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50 Best Things We Saw at Bonnaroo 2015

From killer jams to a deadly ep of ‘Game of Thrones,’ a complete rundown of the fest’s essential moments

Best of Bonnaroo

Best of Bonnaroo

Kyle Dean Reinford; Theonepointeight

The 2015 Bonnaroo Music and Arts Festival featured hundreds of artists, dozens of food trucks and more glitter than we can quantify. And thanks to top-notch headlining performances from Billy Joel, Kendrick Lamar and Mumford & Sons, it was another unforgettable, never-ending bonanza. We trekked from the Other Tent to the What Stage to the Cinema Tent to uncover all of 2015's can't-miss moments. From to the much-ballyhooed all-star SuperJam to a secret venue in the campgrounds, from a mega Game of Thrones viewing party to one incredible donut, these are the 50 best things we saw, heard or tasted at Bonnaroo 2015.

Earth Wind and Fire

Kyle Dean Reinford

Best Curveball: Earth, Wind and Fire

Thousands of festivalgoers flocked to Flying Lotus' late-night set after Kendrick Lamar's main-stage performance hoping that the rapper would make an appearance, since the pair collaborated on the latter's "Wesley's Theory" and the former's "Never Catch Me." However, while Flying Lotus was lighting up the Other Tent, Lamar — along with SuperJammer Chance the Rapper — instead made a surprise cameo during Earth, Wind and Fire's Which Stage funk workshop, freestyling over the legendary outfit's textbook grooves. Before the rappers took the stage, Earth, Wind and Fire delivered a brilliant set featuring over a dozen members onstage, each playing an indispensable role in a well-oiled machine. The dense layers of guitars, horns, percussion and their extraordinary bassist Verdine White all locked into perfect sync as the Rock and Roll Hall of Famers ripped through a greatest-hits set that boasted "Sing a Song," "Shining Star" and "Boogie Wonderland."

Brown Sabbath

Kyle Dean Reinford

Best Masters of Reality: Brownout Presents Brown Sabbath

Austin, Texas psych rockers Brownout brought their Ozzy-loving side project Brown Sabbath to the Which Stage on Friday, reinterpreting the Paranoid legends' music through a Southwestern gaze. Tony Iommi's crushing riffs were decorated with scorched-earth and Morricone flourishes, while Brown Sabbath's horn section brassed up "The Wizard" and turned "Children of the Grave" into a funereal death march. However, every great cover band is only as good as their lead singer, and Alex Marrero, dubbed "the Mexican Ozzy," did an as-advertised job.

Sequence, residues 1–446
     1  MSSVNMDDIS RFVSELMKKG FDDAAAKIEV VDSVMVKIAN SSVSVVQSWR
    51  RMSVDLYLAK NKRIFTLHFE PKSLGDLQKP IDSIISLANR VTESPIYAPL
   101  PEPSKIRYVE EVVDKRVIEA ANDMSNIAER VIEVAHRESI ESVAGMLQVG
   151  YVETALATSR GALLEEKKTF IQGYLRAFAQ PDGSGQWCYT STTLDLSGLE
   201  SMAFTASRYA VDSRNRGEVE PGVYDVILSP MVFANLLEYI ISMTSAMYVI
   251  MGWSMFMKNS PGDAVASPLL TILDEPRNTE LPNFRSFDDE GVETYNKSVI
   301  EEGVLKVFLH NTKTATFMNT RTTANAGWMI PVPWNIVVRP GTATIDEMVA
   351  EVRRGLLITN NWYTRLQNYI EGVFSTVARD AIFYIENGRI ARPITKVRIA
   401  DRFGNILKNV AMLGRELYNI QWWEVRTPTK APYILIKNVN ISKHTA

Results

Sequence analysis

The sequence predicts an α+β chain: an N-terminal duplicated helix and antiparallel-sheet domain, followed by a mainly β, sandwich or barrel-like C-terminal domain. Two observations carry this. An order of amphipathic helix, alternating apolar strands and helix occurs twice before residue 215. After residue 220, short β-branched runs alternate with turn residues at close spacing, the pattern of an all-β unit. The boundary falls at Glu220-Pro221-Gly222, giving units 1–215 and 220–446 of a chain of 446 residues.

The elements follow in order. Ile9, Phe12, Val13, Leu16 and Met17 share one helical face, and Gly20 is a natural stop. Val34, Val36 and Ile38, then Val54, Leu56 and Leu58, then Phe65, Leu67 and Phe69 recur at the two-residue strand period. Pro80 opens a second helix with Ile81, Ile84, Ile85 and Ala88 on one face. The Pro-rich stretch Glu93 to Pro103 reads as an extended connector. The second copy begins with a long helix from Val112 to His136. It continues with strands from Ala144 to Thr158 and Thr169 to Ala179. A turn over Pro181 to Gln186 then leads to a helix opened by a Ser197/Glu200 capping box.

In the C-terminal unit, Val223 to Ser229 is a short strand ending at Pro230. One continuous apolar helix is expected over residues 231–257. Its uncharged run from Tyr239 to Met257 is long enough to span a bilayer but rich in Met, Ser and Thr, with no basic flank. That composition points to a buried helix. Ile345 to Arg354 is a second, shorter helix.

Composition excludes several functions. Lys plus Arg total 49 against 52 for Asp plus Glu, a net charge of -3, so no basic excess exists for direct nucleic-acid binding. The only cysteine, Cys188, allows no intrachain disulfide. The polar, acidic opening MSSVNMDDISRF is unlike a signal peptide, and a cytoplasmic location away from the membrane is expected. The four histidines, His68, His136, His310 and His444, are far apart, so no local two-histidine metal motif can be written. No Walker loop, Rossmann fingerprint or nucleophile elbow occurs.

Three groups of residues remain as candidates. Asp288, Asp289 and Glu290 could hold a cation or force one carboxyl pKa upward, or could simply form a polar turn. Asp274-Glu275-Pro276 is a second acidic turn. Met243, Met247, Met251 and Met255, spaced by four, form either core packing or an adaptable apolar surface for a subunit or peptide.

Art walk

Kyle Dean Reinford

Best Bonnaroonatic Nerd-Out: The Art Walk

Did you know there is a face (and hat) hidden in the design of the Bonnaroo Post Office? Did you know that, as a functioning post office, it's technically a federal building for the weekend? Did you know the sparkling disco ball atop the tower was designed by Radiohead's lighting pro? Early Thursday afternoon, Bonnaroo's bearded Head of Visual Design, Russ Bennett, led a small group of interested fans on a small "art walk," providing director's commentary on everything from the giant pig sculpture to the iconic fountain. However, as a docent, Bennett seemed more determined to be entertaining than educational: Spotting folks plopped on bales of hay, he quipped "that's the art of sitting."

D'Angelo

Kyle Dean Reinford

Best Reason to Skip the SuperJam: D’Angelo and the Vanguard

Any hope Bonnaroovians had of catching both D'Angelo and the subsequent SuperJam later in the night slowly dissipated after the singer arrived 30 minutes late. However, the wait was worth it once he and the Vanguard finally took the stage as they delivered seductive neo-soul and ground-shaking funk for 90 straight minutes. The gig boasted a ferocious rendition of "The Charade" that was dedicated to Michael Brown and Freddie Gray, the astro-funk rave-up of "Sugah Daddy" and an remarkable, non-stop encore where the band reached a James Brown and the Famous Flames-level of energy, intensity and passion, not once taking a foot off the gas as they ripped through cuts like "Left & Right" and "Back to the Future." Throughout the performance, D'Angelo was eager to share the spotlight with the Vanguard, giving each individual member of the expert outfit an opportunity to soak in the cheers.